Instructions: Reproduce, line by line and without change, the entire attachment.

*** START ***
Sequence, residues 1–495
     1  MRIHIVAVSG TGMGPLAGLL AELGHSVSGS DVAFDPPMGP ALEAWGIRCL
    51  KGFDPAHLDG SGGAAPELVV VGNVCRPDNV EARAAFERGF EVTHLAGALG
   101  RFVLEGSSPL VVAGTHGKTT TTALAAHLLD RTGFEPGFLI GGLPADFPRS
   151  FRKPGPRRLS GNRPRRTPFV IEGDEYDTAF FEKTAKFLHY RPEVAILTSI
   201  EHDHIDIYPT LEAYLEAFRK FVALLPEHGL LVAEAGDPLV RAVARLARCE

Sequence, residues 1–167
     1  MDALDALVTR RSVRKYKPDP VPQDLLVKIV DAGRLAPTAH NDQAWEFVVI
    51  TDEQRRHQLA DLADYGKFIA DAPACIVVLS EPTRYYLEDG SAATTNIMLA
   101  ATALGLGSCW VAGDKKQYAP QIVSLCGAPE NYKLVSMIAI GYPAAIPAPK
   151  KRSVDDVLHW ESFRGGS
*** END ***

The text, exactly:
Sequence, residues 1–495
     1  MRIHIVAVSG TGMGPLAGLL AELGHSVSGS DVAFDPPMGP ALEAWGIRCL
    51  KGFDPAHLDG SGGAAPELVV VGNVCRPDNV EARAAFERGF EVTHLAGALG
   101  RFVLEGSSPL VVAGTHGKTT TTALAAHLLD RTGFEPGFLI GGLPADFPRS
   151  FRKPGPRRLS GNRPRRTPFV IEGDEYDTAF FEKTAKFLHY RPEVAILTSI
   201  EHDHIDIYPT LEAYLEAFRK FVALLPEHGL LVAEAGDPLV RAVARLARCE

Sequence, residues 1–167
     1  MDALDALVTR RSVRKYKPDP VPQDLLVKIV DAGRLAPTAH NDQAWEFVVI
    51  TDEQRRHQLA DLADYGKFIA DAPACIVVLS EPTRYYLEDG SAATTNIMLA
   101  ATALGLGSCW VAGDKKQYAP QIVSLCGAPE NYKLVSMIAI GYPAAIPAPK
   151  KRSVDDVLHW ESFRGGS